Increased maternal BMI is associated with an increased risk of minor complications during pregnancy with consequent cost implications
Article first published online: 4 JUN 2009
© 2009 The Authors Journal compilation © RCOG 2009 BJOG An International Journal of Obstetrics and Gynaecology
BJOG: An International Journal of Obstetrics & Gynaecology
Volume 116, Issue 11, pages 1467–1472, October 2009
How to Cite
Denison, F., Norrie, G., Graham, B., Lynch, J., Harper, N. and Reynolds, R. (2009), Increased maternal BMI is associated with an increased risk of minor complications during pregnancy with consequent cost implications. BJOG: An International Journal of Obstetrics & Gynaecology, 116: 1467–1472. doi: 10.1111/j.1471-0528.2009.02222.x
- Issue published online: 16 SEP 2009
- Article first published online: 4 JUN 2009
- Accepted 7 April 2009. Published Online 4 June 2009.
Objective To investigate the effect of maternal body mass index (BMI) on minor complications, associated additional medication use during pregnancy and the consequent cost implications.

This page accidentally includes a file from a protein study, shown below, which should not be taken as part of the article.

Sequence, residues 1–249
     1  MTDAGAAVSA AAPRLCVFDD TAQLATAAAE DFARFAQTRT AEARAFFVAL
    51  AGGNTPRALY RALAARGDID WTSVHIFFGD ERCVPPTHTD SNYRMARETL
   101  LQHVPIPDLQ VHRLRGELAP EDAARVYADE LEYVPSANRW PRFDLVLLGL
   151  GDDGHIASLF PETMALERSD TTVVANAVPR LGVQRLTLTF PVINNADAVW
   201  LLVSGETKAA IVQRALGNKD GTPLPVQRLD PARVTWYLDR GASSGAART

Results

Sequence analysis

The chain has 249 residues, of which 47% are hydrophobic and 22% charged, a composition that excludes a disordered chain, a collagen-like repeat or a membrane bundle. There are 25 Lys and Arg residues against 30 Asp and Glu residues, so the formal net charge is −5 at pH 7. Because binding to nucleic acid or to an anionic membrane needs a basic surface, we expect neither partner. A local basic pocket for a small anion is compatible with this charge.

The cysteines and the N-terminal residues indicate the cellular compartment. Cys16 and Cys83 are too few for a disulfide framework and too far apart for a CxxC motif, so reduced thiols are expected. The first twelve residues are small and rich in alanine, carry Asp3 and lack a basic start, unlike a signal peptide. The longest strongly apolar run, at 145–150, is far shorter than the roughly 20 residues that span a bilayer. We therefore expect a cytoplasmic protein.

Design Retrospective analysis of case notes.
Setting Labour wards, tertiary referral hospital, Royal Infirmary Edinburgh, UK.
Population Six hundred and fifty-one women with a singleton pregnancy over four separate time periods in 2007 and 2008.
Methods Descriptive statistics, univariate and multivariate logistic regression analysis and cost analysis using standard techniques and inflation indices.
Main outcome measures Minor complications, use of medications during pregnancy and consequent incremental costs from the perspective of the National Health Service (NHS).
Results 42.4% of women were overweight or obese (BMI ≥ 25 kg/m2). Higher BMI during the first trimester (BMI ≥ 30 kg/m2 compared with BMI < 25 kg/m2) was associated with an increased risk of minor complications including symphysis pubis dysfunction (OR 3.97; 95% CI 2.19–7.18), heartburn (OR 2.65; 95% CI 1.42–4.94) and chest infection (OR 8.71; 95% 2.20–34.44) and with drugs used to treat these complications including Gaviscon (OR 3.52; 95% CI 1.78–6.96). The mean incremental (additional) NHS costs per woman for treating minor complications increased with maternal BMI were £15.45/woman, £17.64/woman and £48.66/woman for BMI < 25 kg/m2, BMI ≥ 25 to <30 kg/m2 and BMI ≥ 30 kg/m2 respectively.
Conclusions Increased maternal BMI is associated with increased risk of developing minor complications during pregnancy; use of medications associated with treating these conditions and has significant NHS costs.